Director : Peter Sollett
Starring : Julianne Moore, Ellen Page, Steve Carell, Michael Shannon.
Plot : The true story of Laurel Hester and her partner Stacey who decided to fight the freeholders to gain the same rights as heterosexual couples when it comes to public administration pension inheritance.
Two weeks ago, I had the chance to attend the premiere of Freeheld in Paris, in the presence of Ellen Page no less. I had been doing a lot of thinking about the movie and about how much it brought to the raging debate on gay marriage. As Ellen Page explained to me, the movie is essentially a love story but also works to present the infinite labyrinth in which these two women had to find a way out to equality. After all, is love not the very essence of life? This is perhaps the first thing that hit me in Freeheld: the foundations of the movie are those we all have and share. Specifically, because everybody has loved at least once in his/her life, this film grabs your heart with two hands and plays an unfair game of rugby with it.
This particular journey presents the true story of Laurel Hester who has stage 4 cancer and Stacie Andree, both standing together against the freeholders of Ocean County to claim Stacie’s right to get her partner’s pension after her death, just as heterosexual couples would; as a detective in the police department, her government pension should go to her legal partner, which is Stacie whom she is in a domestic partnership with. But, since her partner is not a man and since they are not legally able to marry, their request is denied by the freeholders. From there, a human struggle for LGBT rights is about to start.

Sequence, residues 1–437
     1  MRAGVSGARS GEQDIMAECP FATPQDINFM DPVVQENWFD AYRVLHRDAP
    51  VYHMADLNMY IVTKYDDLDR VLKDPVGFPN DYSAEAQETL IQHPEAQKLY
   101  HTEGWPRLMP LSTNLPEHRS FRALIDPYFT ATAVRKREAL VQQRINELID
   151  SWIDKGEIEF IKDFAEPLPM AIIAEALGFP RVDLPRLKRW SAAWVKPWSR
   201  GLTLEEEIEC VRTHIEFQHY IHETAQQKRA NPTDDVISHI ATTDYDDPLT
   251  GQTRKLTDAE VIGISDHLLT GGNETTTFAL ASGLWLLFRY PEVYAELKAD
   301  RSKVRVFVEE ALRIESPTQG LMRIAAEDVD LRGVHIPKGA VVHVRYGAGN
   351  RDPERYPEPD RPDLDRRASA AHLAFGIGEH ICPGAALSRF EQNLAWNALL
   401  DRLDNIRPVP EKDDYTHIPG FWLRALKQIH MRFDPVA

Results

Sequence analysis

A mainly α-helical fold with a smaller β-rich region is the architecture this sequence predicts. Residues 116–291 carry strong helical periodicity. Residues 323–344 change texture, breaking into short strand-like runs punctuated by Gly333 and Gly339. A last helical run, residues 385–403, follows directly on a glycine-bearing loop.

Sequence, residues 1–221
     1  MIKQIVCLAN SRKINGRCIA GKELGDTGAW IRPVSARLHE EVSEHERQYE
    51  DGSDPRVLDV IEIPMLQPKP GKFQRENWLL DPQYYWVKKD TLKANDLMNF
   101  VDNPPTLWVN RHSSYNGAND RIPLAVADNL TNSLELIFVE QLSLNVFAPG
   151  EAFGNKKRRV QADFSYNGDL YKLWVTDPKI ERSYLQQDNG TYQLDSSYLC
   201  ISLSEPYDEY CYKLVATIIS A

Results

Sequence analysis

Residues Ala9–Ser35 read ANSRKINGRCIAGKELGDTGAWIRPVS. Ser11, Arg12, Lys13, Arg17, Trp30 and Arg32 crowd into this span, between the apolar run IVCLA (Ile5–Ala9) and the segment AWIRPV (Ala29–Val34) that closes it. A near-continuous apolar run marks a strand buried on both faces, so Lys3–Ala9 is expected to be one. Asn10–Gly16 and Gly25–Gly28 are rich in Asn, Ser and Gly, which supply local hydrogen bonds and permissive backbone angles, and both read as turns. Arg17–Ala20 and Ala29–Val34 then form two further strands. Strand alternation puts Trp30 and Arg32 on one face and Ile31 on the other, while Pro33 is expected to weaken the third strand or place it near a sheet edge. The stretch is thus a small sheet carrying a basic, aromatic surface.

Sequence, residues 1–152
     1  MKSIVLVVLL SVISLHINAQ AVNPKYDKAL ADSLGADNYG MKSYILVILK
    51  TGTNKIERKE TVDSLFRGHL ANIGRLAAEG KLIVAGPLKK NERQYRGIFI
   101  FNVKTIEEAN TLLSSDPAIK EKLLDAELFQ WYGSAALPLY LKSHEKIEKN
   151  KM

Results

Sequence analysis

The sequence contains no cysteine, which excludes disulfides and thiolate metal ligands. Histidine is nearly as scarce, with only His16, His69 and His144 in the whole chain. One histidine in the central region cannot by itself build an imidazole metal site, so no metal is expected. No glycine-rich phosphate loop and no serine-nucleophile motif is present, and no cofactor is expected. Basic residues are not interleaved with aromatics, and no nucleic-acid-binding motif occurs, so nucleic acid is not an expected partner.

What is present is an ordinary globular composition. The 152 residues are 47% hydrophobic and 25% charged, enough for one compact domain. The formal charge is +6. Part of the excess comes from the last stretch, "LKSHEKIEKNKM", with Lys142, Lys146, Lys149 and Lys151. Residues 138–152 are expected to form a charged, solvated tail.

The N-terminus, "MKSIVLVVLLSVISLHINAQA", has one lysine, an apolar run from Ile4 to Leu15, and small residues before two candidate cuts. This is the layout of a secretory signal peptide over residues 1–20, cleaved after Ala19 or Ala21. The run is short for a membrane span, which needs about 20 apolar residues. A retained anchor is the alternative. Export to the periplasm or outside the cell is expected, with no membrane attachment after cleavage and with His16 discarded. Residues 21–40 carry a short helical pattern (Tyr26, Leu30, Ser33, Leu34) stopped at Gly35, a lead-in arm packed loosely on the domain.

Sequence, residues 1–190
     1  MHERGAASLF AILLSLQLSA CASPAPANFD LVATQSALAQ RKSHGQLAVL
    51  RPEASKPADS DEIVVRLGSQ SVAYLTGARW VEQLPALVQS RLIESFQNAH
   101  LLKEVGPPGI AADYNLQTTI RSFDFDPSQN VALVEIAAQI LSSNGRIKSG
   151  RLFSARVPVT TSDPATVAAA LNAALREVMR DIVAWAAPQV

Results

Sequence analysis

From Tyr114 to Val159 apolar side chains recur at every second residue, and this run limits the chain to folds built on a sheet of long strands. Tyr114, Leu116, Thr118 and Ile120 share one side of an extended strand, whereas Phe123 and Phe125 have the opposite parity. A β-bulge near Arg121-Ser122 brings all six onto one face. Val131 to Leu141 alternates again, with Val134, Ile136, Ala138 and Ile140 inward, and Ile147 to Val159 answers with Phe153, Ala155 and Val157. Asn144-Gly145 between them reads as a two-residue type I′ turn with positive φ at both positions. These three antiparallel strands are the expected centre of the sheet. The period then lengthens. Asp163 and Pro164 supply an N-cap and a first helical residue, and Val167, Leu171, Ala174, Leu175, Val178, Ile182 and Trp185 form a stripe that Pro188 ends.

The scenario is built with a somehow linear but clever chronology. During the movie, nothing lacks and the minutes seem to flow ever so naturally as we are guided through the story with a tense feeling. Knowing that it was based on the Freeheld documentary shot by Cynthia Wade in 2007, we can easily say that the adaptation made by Peter Sollett as director, and Ron Nyswaner for the screenplay, feels deeply respectful and intelligent. Ellen Page, who portrays Stacie, is also co-producer of the movie and has made years of research about the human battle these two women had which, as much of a detail as it seems to be, is a true advantage in the overall treatment of the story, which really skips the ‘romancing’ and ‘hollywood-ing’ part for a ‘stick-to-reality’ approach.
Peter Sollett directed Julianne Moore, Ellen Page, Michael Shannon and Steve Carell with care and managed to create a great balance between humor, tragedy and humanity. When you watch the movie, there is a sadness from the first minute to the last that keeps increasing. But, the cleverness lays in the humor and the quirkiness of some characters, which helps the pathos of the script being processed. Perhaps inevitably, Julianne Moore and Ellen Page hold this story on their shoulders like seemingly no other two actresses could have. Their duality, their love, the fragility of our human rights but also the fatility of cancer all breach through the screen and hurt as much as they impress. The political commitment of this whole movie is just incredibly universal (no matter what your sexual orientation is), because when it comes to life, love and death we are all equal and this film is set to be a reminder of this for everyone.
To conclude, what moved me the most is the necessity of this story in the present day; it was the right time to tell it. So, if you want to see a great movie with a fantastic point, actresses reaching a new level of talent and a story built with cleverness and heart, don’t hesitate to go and see Freeheld. The tears you will shed at the end are so worth it!
Written by Sally McAlister